The Army is taking the lead for the development of a single set of boots for most environments. In fact they have already undergone testing. The main reason for the program is cost. A single footwear system could replace separate boots for every environment from desert to arctic and enhance readiness as each Soldier would not have to be issued specialty footwear prior to deployment.
The prototype manufactured by Belleville Show Manufacturing Co. could replace four types of boots in service now. The prototype was selected after a two-year effort to work with private companies to create the Modular Boot System.
According to Fred Coppola, deputy product manager for Clothing and Individual Equipment at PEO-Soldier, the Modular Boot System could begin fielding this coming calendar year pending approval of Building 4 at Ft Benning, Ga.
The prototype consists of a fire-resistant, desert-style hot-weather boot, plus inserts and an over-boot soldiers can use in cold temperatures.
“The intent of it is to go that whole temperature range between minus 20 degrees and 130 degrees” Fahrenheit with one boot and reduce the number of boots in the service’s inventory, said Lt. Col. John Lemondes, product manager for Clothing and Individual Equipment.
If adopted, the Modular Boot System would replace these and two other special-issue boots the Army stocks for colder weather — the Intermediate Cold/Wet Boot for wear down to zero degrees and the Cold Weather Boot for wear down to minus 20 degrees.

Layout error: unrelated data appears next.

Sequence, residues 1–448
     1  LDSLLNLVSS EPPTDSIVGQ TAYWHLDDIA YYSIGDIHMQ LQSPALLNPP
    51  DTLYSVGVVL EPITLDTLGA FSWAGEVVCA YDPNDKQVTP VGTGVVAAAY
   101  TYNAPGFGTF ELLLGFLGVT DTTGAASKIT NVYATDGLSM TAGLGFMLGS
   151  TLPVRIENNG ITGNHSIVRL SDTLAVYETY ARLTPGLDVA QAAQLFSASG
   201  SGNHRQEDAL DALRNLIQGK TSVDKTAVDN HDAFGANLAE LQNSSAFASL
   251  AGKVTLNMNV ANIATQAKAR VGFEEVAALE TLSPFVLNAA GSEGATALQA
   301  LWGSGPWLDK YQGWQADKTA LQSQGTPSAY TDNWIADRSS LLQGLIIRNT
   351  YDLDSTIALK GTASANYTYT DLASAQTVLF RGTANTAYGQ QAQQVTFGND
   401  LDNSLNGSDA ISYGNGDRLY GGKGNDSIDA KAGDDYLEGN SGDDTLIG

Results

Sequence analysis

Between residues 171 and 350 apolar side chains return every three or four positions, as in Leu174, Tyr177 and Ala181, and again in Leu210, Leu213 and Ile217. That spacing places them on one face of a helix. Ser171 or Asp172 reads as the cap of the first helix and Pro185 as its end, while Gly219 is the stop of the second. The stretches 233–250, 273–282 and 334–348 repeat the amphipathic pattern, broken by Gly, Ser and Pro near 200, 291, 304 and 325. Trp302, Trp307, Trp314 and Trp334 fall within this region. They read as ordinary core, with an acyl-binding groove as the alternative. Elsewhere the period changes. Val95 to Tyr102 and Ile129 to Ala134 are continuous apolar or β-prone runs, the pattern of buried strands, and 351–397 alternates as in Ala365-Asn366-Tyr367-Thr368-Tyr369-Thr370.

Removable inserts for added warmth and waterproofing can only be so thick before they affect the fit of the boot and over boots can be clunky and cause the wearer to stumble.
The prototype has two waterproof inserts; one without insulation for wear in temps above the freezing mark and an insulated insert for temps down to zero degrees. There is also a waterproof Cordura over-boot that is intended to be worn to temps down to minus 20. However, it works much more like a gaiter on that unlike traditional over boots for mountaineering, covers the boot’s upper but still uses the hot weather boot’s existing sole. The over boot closes with a Velcro strip in the back.
The Army also tested a prototype with a two-piece over-boot, made by Wellco Enterprises Inc., it consisted of a fully-treaded shoe that slipped over the hot-weather boot and a snap-on portion that covered the top of the foot and shin.
Even if the Modular Boot System isn’t adopted as is, spin-offs like the the over-boot and slip resistant soles could be modified and issued to soldiers to use with the current Hot Weather and Temperate Weather boots.